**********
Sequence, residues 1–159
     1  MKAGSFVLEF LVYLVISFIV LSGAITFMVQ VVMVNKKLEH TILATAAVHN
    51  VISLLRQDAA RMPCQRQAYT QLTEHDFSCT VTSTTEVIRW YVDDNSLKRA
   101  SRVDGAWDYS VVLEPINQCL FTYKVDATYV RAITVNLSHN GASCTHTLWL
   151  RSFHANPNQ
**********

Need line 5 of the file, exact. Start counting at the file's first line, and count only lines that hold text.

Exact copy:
   151  RSFHANPNQ